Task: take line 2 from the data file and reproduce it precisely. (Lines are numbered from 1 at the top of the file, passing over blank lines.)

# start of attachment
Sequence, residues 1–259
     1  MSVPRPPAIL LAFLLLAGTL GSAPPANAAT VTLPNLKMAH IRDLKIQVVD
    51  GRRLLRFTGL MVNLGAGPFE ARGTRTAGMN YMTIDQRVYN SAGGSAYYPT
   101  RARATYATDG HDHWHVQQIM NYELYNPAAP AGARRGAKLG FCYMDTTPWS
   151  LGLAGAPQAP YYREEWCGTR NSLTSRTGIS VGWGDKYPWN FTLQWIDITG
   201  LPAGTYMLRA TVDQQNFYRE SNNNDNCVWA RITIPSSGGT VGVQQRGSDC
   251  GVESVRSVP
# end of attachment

     1  MSVPRPPAIL LAFLLLAGTL GSAPPANAAT VTLPNLKMAH IRDLKIQVVD